January 8, 2019 | Written by: Watson Health
Categorized: AI | Article | Blog Post | Oncology & Genomics
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- Data is proliferating: Worldwide healthcare data doubles every 24 days1—and much of that is unstructured data hidden in electronic health records (EHRs).
- EHRs are a key source of data—and burnout: For every hour a physician spends with a patient, they spend two hours doing EHR-based clerical work. 2 The EHR burden has pushed burnout rates up more than 10 percent since 2011.3
- Meanwhile, fewer doctors are practicing oncology: A shortage of more than 2,300 medical oncologists in the United States is anticipated in 2025.4 Other countries are facing shortages, as well. A recent study found that there were eight countries with no clinical oncologist available to provide care for patients with cancer. In 39 countries, a clinical oncologist would provide care for more than 500 patients with cancer. An extreme shortage of clinical oncologists, greater than 1,000 incident cancers per clinical oncologist—existed in 25 countries in Africa (78%) and two countries (11%) in Asia.5
- And cancer is spreading: There was an estimated 18 million cancer cases worldwide in 2018—and that number is projected to reach 29.5 million by 2040.6
- More care is needed: It comes as no surprise, then, that the American Society of Clinical Oncology predicts a 42 percent increase in the demand for cancer treatments over the next decade.7 And the global market for oncology therapeutic medicines will reach as much as $200 billion by 2022, averaging 10–13 percent growth over the next five years, with the U.S. market reaching as much as $100 billion by 2022, averaging 12–15 percent growth.8
- Clinical research keeps growing: The countries generating the most cancer research produced 88,529 publications between 2010-2014.9 This amount of research is impossible for a human to keep up with.
- Yet, clinical trials struggle to enroll patients. Only 3 percent of adults with cancer are enrolled in clinical trials10 and 80 percent of US clinical trials fail to meet recruitment timelines.11
More data, more research and more patients with fewer oncologists at risk for burnout. While the outlook may sound bleak, the good news is that technology is catching up with healthcare data—which could help patients and the oncologists who treat them.
Connecting patient data with potential treatment options
Artificial intelligence (AI) technologies like IBM Watson® for Oncology are helping physicians worldwide keep up-to-date with the growing body of medical literature to make connections with key insights in patients’ medical records. Using natural language processing (NLP), Watson for Oncology also consumes massive amounts of medical literature to extract potential evidence-based treatment recommendations that may be a good fit for a patient. Parsing the data quickly and perceptively, Watson for Oncology presents treatment options ranked by level of confidence and includes supporting evidence. The oncologist can then apply their own expertise to identify the most appropriate treatment options.
Matching patients to potential clinical trials
AI is also helping to match more patients with potential clinical trial opportunities. Again, massive amounts of patient and clinical trials data are consumed and analyzed using NLP and advanced cognitive algorithms. Explicit eligibility criteria are weighed against specific patient characteristics to determine a potential match. The output is an ordered list of relevant trials a patient is eligible for, as well as the trials they were excluded from. This technology is a boon for oncologists and their patients searching for treatment options and clinical trial coordinators trying to meet enrollment targets.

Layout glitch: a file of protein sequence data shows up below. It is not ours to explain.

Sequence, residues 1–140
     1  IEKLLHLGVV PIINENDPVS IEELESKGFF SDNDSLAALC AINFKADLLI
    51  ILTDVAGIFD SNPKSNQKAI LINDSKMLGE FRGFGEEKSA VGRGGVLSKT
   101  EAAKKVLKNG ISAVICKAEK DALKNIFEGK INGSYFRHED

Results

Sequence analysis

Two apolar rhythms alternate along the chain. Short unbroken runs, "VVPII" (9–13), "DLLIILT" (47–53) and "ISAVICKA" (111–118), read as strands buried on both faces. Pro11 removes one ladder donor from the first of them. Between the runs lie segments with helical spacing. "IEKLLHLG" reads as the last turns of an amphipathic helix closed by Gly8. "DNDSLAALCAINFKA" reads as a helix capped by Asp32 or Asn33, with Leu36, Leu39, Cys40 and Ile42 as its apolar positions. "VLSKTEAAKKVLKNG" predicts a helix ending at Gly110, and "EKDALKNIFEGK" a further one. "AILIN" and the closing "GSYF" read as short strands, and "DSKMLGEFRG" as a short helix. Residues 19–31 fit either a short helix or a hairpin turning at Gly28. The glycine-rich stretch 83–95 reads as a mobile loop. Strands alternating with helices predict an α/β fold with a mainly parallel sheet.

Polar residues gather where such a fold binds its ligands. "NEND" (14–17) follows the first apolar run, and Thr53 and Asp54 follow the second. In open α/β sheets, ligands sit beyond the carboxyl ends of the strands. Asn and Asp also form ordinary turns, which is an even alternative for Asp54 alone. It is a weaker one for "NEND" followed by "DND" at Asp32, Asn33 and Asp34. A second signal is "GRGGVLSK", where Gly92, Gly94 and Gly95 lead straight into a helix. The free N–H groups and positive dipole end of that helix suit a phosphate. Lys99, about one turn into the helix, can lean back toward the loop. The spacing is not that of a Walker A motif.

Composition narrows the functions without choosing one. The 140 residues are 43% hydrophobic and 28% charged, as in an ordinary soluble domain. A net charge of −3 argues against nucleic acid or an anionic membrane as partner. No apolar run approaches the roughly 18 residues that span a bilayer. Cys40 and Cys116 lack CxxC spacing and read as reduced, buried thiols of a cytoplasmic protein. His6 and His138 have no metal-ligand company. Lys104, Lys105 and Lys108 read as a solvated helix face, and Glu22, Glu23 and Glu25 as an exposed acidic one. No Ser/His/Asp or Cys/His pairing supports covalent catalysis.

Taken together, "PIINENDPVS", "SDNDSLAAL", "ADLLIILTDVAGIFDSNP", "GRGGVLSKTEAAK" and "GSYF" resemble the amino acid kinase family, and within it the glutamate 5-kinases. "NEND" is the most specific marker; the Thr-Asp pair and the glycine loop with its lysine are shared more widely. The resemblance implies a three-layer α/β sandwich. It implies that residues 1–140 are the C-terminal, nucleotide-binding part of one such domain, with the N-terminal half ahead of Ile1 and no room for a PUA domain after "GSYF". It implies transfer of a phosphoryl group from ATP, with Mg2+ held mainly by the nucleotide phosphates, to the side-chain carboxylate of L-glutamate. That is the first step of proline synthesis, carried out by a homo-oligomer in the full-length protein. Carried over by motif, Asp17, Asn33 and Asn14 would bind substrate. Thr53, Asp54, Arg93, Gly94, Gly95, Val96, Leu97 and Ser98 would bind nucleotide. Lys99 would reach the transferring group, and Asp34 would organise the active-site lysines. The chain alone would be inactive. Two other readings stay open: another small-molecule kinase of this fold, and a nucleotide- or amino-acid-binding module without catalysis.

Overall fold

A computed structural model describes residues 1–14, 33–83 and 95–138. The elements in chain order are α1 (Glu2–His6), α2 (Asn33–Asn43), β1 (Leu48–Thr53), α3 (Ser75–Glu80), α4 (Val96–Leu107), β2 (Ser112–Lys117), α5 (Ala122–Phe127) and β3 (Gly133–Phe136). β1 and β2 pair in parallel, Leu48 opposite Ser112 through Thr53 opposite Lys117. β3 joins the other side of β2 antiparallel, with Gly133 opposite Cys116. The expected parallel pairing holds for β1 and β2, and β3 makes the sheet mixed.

Cancer is the second leading cause of death globally, and is responsible for an estimated 9.6 million deaths in 2018,12 and the healthcare industry is racing to find answers. AI technology offers exciting potential and is already hard at work helping oncologists connect patients with treatment options and clinical trial opportunities, even in the face of exponentially increasing amounts of data.
Helping providers advance patient-centric cancer care.
1 Marconi, Katherine and Lehmann, Harold. Big Data and Health Analytics. CRC Press, 2014. Accessed at: http://bit.ly/1UjEtLL
2 NLP: Enabling The Potential of a Digital Healthcare Era. Chilmark Research. July 2018
3 NLP: Enabling The Potential of a Digital Healthcare Era. Chilmark Research. July 2018
4 Yang W, Williams JH, Hogan PF, et al: Projected supply of and demand for oncologists and radiation oncologists through 2025: An aging, better-insured population will result in shortage. J Oncol Pract 10:39-45, 2014
5 DOI: 10.1200/JGO.17.00188 Journal of Global Oncology. published online February 8, 2018. Accessed at http://ascopubs.org/doi/abs/10.1200/JGO.17.00188
6 International Agency for Research on Cancer, Cancer Today Database. Accessed at t http://gco.iarc.fr/tomorrow/ho.
7 The State of Cancer Care in America, 2014: A Report by the American Society of Clinical Oncology
8 Global Oncology Trends 2018. IQVIA Institute for Human Data Science. Accessed at https://www.iqvia.com/-/media/iqvia/pdfs/institute-reports/global-oncology-trends-2018.pdf?_=1542686813876
9 Cancer Research Current Trends & Future Directions. Elsevier, 2016.
10 Schuler, Peter and Buckley, Brendan. Re-Engineering Clinical Trials: Best Practices for Streamlining the Development Process. 2015
11 “Clinical Trial Educator Program—A Novel Approach to Accelerate Enrollment in a Phase III International Acute Coronary Syndrome Trial,” Clinical Trials, 2012.
12 World Health Organization. http://www.who.int/news-room/fact-sheets/detail/cancer